Bob Tewksbury

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Bob Tewksbury
Pitcher
Born: (1960-11-30) November 30, 1960 (age 54)
Concord, New Hampshire
Batted: Right Threw: Right
MLB debut
April 11, 1986 for the New York Yankees
Last MLB appearance
September 26, 1998 for the Minnesota Twins
Career statistics
Win–Loss record 110–102
Earned run average 3.92
Strikeouts 812
Teams
Career highlights and awards

Robert "Bob" Alan Tewksbury (born November 30, 1960) is a retired Major League Baseball pitcher and current sports psychology coach for the Boston Red Sox. He played professionally for the New York Yankees, Chicago Cubs, St. Louis Cardinals, Texas Rangers, San Diego Padres and the Minnesota Twins.

Early life[edit]

Tewksbury was born in Concord, New Hampshire[1] and attended Merrimack Valley High School in Penacook, New Hampshire. He played college baseball at Rutgers and Saint Leo University.[2]

Playing career[edit]

Tewksbury's talent was initially discovered by Andy Michael in Concord. Michael contacted the New York Yankees and Tewksbury was drafted by them out of Saint Leo University in the 19th round of the 1981 Major League Baseball Draft. He played for the Yankees for two years, before being sent to the Chicago Cubs. As a free agent in 1988, he signed with the St. Louis Cardinals, where he would stay until 1994. Again a free agent, he went to the Texas Rangers for a year. In 1996, he signed with the San Diego Padres for one more year. In December 1996, he signed with the Minnesota Twins and played for two years with the team,[3] but shoulder problems effectively ended his baseball career after that.

Due to the shoulder and arm problems he faced over the course of his playing career, Tewksbury became known as an excellent control pitcher.[4] His best year was 1992, in which he went 16-5 on the season and had a 2.16 ERA in 233 innings pitched. He appeared in the All-Star game[5] and was third in the Cy Young Award voting that year.[6] His injury problems marred his success from that point forward, with his best post-Cardinals year being in San Diego, where he helped the Padres capture the NL West division title.

In 1997, the ever-crafty Tewksbury threw an Eephus pitch, joining an elite few who have thrown the "junkiest pitch in baseball." He threw it to power-hitter Mark McGwire in an interleague play game at the Hubert H. Humphrey Metrodome and McGwire grounded out on the pitch - twice.[7][8] Tewksbury has been quoted as calling this pitch "The Dominator."[citation needed]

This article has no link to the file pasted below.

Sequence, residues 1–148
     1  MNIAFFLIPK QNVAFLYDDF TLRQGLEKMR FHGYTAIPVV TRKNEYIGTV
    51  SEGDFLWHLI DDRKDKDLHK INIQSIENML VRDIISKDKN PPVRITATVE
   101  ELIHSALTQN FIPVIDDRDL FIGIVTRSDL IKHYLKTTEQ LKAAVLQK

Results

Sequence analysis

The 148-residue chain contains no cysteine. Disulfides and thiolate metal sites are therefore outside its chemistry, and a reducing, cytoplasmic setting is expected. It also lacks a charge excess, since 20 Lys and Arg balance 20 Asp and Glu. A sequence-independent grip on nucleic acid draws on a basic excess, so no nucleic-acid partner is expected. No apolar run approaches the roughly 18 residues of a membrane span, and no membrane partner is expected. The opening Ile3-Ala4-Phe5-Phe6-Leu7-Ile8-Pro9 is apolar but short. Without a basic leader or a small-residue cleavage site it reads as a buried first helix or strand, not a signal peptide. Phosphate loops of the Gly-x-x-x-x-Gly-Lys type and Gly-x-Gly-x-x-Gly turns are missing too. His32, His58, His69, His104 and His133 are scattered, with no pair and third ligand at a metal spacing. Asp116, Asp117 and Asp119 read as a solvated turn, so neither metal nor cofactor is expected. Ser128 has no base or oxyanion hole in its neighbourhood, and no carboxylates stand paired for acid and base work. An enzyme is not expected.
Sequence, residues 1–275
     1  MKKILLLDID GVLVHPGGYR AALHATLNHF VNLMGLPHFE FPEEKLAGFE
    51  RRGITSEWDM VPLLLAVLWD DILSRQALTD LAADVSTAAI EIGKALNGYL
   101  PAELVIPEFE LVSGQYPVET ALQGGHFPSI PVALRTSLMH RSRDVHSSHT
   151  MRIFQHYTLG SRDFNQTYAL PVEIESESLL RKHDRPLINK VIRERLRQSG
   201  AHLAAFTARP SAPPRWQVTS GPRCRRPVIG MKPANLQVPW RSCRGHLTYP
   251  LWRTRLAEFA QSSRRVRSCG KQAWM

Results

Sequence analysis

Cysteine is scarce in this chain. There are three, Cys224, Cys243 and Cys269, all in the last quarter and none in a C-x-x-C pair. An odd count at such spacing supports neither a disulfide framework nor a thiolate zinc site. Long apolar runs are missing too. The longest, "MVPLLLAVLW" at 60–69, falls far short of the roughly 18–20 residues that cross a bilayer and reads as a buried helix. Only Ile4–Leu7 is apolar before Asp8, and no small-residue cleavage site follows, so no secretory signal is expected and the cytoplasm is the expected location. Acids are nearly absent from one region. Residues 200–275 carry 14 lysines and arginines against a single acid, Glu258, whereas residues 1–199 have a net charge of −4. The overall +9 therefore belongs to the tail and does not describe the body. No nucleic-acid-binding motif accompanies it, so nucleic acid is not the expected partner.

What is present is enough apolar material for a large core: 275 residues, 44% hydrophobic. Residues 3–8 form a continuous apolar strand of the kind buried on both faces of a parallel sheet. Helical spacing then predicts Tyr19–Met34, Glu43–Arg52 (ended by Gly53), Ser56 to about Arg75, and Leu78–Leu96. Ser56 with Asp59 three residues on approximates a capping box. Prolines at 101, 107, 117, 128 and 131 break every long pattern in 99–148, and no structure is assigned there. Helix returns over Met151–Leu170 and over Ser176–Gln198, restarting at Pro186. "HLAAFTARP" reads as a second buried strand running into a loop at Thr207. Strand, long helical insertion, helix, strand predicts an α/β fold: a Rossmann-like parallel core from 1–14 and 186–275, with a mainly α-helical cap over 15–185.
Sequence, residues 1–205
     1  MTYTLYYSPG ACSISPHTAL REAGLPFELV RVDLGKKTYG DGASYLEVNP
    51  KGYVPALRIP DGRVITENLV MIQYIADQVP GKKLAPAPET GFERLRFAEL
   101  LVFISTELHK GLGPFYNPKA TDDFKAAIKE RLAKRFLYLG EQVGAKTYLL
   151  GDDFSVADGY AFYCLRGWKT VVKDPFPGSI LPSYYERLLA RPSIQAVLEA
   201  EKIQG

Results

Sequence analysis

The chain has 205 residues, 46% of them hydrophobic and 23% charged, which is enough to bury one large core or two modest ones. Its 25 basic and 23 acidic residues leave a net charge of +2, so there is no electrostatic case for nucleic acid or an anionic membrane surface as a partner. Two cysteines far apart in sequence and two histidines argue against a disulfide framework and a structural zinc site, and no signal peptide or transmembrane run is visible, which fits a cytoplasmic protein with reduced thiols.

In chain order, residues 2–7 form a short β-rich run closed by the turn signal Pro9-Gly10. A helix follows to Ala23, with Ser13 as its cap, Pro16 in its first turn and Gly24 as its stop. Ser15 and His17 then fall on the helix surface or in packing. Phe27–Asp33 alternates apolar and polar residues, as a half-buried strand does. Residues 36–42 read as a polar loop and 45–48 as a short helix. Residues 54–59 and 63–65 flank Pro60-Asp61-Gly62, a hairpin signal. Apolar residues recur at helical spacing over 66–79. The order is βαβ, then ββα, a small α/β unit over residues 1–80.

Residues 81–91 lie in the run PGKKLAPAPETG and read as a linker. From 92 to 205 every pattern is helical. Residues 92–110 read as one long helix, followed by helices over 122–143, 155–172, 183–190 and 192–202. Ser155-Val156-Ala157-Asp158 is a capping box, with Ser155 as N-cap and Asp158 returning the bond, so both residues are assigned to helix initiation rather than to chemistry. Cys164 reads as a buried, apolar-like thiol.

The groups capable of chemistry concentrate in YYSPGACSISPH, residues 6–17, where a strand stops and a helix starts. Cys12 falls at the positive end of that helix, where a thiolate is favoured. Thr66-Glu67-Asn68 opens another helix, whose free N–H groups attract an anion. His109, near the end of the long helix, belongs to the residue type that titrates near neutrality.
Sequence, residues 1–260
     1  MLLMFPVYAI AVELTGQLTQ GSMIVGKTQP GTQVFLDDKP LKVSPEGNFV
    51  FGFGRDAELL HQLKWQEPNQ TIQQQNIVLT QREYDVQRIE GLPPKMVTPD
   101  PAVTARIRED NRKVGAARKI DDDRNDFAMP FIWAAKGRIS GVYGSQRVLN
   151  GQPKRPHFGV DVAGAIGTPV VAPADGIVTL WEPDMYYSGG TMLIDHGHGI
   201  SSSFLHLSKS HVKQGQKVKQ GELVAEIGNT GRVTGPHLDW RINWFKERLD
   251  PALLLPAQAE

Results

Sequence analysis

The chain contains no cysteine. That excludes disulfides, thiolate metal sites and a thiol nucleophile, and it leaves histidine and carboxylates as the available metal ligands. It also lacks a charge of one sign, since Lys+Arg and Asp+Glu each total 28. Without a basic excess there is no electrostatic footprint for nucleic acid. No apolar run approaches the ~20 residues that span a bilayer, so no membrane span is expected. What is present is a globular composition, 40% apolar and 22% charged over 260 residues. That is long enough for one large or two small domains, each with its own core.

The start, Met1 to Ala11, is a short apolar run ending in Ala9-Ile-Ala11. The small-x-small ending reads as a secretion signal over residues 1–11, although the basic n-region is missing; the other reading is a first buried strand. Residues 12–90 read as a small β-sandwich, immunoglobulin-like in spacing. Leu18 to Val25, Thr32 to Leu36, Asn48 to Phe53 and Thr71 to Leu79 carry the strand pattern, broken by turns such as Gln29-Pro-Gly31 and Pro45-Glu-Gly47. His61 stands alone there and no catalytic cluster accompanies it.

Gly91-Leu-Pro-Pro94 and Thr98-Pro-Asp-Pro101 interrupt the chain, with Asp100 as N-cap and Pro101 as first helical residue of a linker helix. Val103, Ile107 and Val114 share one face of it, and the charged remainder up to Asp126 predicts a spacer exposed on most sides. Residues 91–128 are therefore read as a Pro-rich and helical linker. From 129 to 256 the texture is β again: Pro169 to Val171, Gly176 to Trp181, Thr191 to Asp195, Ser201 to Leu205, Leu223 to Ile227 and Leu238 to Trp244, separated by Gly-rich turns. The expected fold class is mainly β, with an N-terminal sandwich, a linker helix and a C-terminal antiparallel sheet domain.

During and after his baseball career, he became well known for his philanthropy. He has done a lot of work for the Boys and Girls Club of America,[9] as well as hospital visits for sick children. He was very popular among his fans and peers, his Texas manager saying, "He's a true professional on and off the field — and a pleasure to have in the clubhouse."[citation needed]

After retirement[edit]

After retiring, he worked as a player development consultant for the Boston Red Sox and appeared as a commentator for Red Sox coverage on the New England Sports Network[10] He earned his bachelor of science degree in physical education at St. Leo University in 2000 and earned his Masters degree in psychology at Boston University in 2004.[11][12]

He has been a sports psychology coach for the Red Sox since 2004.[13] He is an Adjunct Professor of Sport Psychology & Exercise at New Hampshire Technical Institute.[14] Tewksbury still lives in New Hampshire, continuing his charitable work.

He played himself in the movie The Scout.[15]

Awards and honors[edit]

Tewksbury was inducted into the Saint Leo Sports Hall of Fame in 1998.[16]

See also[edit]

References[edit]

  1. ^ "Concord, New Hampshire". New England Condominium. Retrieved December 20, 2013. 
  2. ^ "Bob Tewksbury Stats". Baseball Almanac. Retrieved December 120,2013.  Check date values in: |accessdate= (help)
  3. ^ "This Week in Concord History". The Concord Insider. Retrieved December 20, 2013. 
  4. ^ "Where are they now? Bob Tewksbury". ST. Louis Cardinals. Retrieved December 120,2013.  Check date values in: |accessdate= (help)
  5. ^ "Museum". New Hampshire Historical Society. Retrieved December 120,2013.  Check date values in: |accessdate= (help)
  6. ^ "Cy Young Award National League Vote Analysis". Baseball Almanac. Retrieved December 120,2013.  Check date values in: |accessdate= (help)
  7. ^ "Tewksbury slows down McGwire with 44 mph lobs". CNN Sports Illustrated. Retrieved December 120,2013.  Check date values in: |accessdate= (help)
  8. ^ Dickson, Paul (2011). The Dickson Baseball Dictionary (Third Edition). W. W. Norton & Company,. p. 288. 
  9. ^ "Bob Tewksbury". The New York Times Company. Retrieved December 120,2013.  Check date values in: |accessdate= (help)
  10. ^ "Bob Tewksbury". The New York Times Company. Retrieved December 120,2013.  Check date values in: |accessdate= (help)
  11. ^ "Former Major Leaguer/Sports Psychologist Bob Tewksbury to Speak at Monday's Community Meeting". New Hampton School. Retrieved December 120,2013.  Check date values in: |accessdate= (help)
  12. ^ "Tewksbury a head coach". The Boston Globe. Retrieved December 120,2013.  Check date values in: |accessdate= (help)
  13. ^ "Tewksbury recalls past game with Cards' Cherre". RedSox.com. Retrieved December 120,2013.  Check date values in: |accessdate= (help)
  14. ^ "Former Major Leaguer/Sports Psychologist Bob Tewksbury to Speak at Monday's Community Meeting". New Hampton School. Retrieved December 120,2013.  Check date values in: |accessdate= (help)
  15. ^ "Not Quite Drama, Not Quite Comedy, 'The Scout' Strikes Out". The Courant. Retrieved December 120,2013.  Check date values in: |accessdate= (help)
  16. ^ "Inside Athletics". The Official Site of the Saint Leo University Lions. Retrieved December 120,2013.  Check date values in: |accessdate= (help)

External links[edit]